<p><i><br> Tyrannosaurus rex</i> arose during the Cretaceous period about 85 million years ago and thrived as a top land predator until the dinosaurs went extinct 20 million years later. This skeleton, on display in Chicago's Field Museum, is a cast of perhaps the world's most famous fossil: "Sue," a 67-million-year-old <i>T. rex</i> discovered in 1990 in South Dakota by field paleontologist Sue Hendrickson. It is the most complete, best preserved, and, at 42 feet (12.8 meters), the largest <i>T. rex</i> specimen ever found.</p>

Tyrannosaurus Rex


Tyrannosaurus rex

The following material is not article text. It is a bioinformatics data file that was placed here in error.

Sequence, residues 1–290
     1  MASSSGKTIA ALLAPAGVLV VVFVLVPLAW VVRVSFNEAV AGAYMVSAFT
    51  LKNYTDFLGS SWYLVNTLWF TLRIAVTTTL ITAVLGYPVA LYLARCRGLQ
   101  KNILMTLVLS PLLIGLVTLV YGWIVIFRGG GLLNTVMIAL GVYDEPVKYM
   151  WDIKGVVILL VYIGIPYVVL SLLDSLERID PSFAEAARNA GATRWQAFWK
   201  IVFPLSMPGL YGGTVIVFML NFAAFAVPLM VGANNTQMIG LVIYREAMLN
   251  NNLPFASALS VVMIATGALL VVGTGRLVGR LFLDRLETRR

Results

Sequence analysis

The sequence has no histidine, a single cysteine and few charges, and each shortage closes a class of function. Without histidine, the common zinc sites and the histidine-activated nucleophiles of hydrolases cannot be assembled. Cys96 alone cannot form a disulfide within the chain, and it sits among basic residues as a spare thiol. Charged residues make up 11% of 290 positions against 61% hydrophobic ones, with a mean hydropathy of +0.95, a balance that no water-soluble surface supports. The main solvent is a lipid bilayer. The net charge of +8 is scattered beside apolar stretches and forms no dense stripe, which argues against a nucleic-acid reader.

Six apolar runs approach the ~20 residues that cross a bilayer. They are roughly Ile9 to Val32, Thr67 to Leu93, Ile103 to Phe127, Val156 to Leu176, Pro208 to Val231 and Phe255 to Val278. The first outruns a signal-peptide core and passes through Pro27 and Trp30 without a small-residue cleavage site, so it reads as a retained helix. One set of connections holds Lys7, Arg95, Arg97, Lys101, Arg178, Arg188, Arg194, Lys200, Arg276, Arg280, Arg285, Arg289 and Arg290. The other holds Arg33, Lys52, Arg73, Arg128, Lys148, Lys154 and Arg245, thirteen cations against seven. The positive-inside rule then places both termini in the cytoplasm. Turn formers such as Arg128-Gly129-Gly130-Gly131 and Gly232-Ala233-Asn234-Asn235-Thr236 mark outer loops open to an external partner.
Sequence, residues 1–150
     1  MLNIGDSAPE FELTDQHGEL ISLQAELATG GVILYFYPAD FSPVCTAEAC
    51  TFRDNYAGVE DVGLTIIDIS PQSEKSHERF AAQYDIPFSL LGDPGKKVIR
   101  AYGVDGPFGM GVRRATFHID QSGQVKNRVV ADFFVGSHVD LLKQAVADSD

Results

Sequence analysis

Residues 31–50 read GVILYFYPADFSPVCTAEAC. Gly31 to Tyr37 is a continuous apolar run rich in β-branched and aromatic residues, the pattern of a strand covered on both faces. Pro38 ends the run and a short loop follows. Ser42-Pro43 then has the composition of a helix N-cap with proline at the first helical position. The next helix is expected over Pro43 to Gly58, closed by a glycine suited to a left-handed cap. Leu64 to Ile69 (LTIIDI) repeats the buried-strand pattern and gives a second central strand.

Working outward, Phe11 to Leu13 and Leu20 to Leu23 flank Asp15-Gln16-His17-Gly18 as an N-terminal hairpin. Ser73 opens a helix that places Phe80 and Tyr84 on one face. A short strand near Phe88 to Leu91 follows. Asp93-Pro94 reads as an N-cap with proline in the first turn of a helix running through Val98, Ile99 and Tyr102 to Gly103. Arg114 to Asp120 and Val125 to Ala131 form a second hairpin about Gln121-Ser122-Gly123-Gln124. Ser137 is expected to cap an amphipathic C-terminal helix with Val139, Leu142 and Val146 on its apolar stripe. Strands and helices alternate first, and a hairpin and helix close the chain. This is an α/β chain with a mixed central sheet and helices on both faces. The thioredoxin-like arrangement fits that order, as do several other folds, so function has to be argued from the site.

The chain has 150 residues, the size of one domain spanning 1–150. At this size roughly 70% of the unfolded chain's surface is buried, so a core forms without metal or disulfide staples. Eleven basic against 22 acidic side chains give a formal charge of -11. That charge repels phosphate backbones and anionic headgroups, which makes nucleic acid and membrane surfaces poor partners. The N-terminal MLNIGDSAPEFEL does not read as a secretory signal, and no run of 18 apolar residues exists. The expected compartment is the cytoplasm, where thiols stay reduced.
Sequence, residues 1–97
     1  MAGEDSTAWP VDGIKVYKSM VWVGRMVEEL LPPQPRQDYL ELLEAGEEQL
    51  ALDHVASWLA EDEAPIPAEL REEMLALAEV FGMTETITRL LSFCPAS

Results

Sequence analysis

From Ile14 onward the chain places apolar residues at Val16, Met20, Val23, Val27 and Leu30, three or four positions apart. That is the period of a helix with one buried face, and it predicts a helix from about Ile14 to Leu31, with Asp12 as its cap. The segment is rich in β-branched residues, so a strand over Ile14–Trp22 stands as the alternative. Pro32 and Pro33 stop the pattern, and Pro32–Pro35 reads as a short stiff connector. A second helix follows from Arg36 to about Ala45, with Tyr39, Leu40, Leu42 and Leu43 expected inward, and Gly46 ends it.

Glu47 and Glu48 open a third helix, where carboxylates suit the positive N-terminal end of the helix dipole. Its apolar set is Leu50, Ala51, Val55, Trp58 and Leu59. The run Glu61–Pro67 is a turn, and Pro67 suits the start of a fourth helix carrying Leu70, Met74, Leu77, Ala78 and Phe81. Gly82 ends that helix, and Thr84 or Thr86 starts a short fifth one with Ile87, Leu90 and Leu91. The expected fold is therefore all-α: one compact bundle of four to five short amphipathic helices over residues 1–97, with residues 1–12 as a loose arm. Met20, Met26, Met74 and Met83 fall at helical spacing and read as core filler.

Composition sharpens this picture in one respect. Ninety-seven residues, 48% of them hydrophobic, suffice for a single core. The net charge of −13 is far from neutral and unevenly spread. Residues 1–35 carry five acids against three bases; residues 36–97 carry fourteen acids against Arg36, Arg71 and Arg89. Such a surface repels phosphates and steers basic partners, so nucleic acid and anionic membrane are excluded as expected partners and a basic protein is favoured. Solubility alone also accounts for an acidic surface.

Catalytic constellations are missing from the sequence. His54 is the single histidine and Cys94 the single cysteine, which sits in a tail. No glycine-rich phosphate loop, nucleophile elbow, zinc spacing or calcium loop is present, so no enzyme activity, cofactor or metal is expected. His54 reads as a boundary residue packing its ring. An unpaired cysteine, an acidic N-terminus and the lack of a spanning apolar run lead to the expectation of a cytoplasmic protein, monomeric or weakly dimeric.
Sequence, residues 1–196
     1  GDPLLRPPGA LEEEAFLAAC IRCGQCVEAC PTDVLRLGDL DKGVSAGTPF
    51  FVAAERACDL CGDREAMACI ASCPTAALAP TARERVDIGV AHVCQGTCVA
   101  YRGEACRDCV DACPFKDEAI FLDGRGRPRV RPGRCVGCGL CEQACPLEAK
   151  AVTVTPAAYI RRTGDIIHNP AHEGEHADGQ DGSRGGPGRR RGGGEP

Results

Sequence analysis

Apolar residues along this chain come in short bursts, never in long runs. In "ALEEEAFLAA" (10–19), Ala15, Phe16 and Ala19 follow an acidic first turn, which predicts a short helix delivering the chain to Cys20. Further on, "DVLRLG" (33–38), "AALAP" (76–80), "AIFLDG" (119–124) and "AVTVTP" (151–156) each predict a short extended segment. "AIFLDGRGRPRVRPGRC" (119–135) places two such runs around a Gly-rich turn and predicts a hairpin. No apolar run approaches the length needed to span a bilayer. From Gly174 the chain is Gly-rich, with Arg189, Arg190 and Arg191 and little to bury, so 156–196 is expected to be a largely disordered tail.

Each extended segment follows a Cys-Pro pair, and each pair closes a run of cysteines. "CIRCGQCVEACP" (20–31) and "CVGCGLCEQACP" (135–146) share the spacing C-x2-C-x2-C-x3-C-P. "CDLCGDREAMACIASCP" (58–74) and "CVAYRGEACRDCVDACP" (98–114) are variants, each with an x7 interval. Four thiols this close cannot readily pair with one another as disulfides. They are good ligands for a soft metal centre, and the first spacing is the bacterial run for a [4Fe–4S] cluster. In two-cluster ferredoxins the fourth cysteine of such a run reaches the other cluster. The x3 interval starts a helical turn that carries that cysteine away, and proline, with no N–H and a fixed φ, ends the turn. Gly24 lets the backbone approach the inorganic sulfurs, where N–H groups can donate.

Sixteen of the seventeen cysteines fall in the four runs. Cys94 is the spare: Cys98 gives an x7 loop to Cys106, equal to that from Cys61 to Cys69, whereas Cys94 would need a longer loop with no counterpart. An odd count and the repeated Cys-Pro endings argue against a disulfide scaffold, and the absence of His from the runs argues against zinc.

arose during the Cretaceous period about 85 million years ago and thrived as a top land predator until the dinosaurs went extinct 20 million years later. This skeleton, on display in Chicago's Field Museum, is a cast of perhaps the world's most famous fossil: "Sue," a 67-million-year-old T. rex discovered in 1990 in South Dakota by field paleontologist Sue Hendrickson. It is the most complete, best preserved, and, at 42 feet (12.8 meters), the largest T. rex specimen ever found.

Photograph © The Field Museum, #GN89860_3c

Cretaceous Period

See photo of dinosaurs and other plant and animal life from the Cretaceous period from National Geographic.

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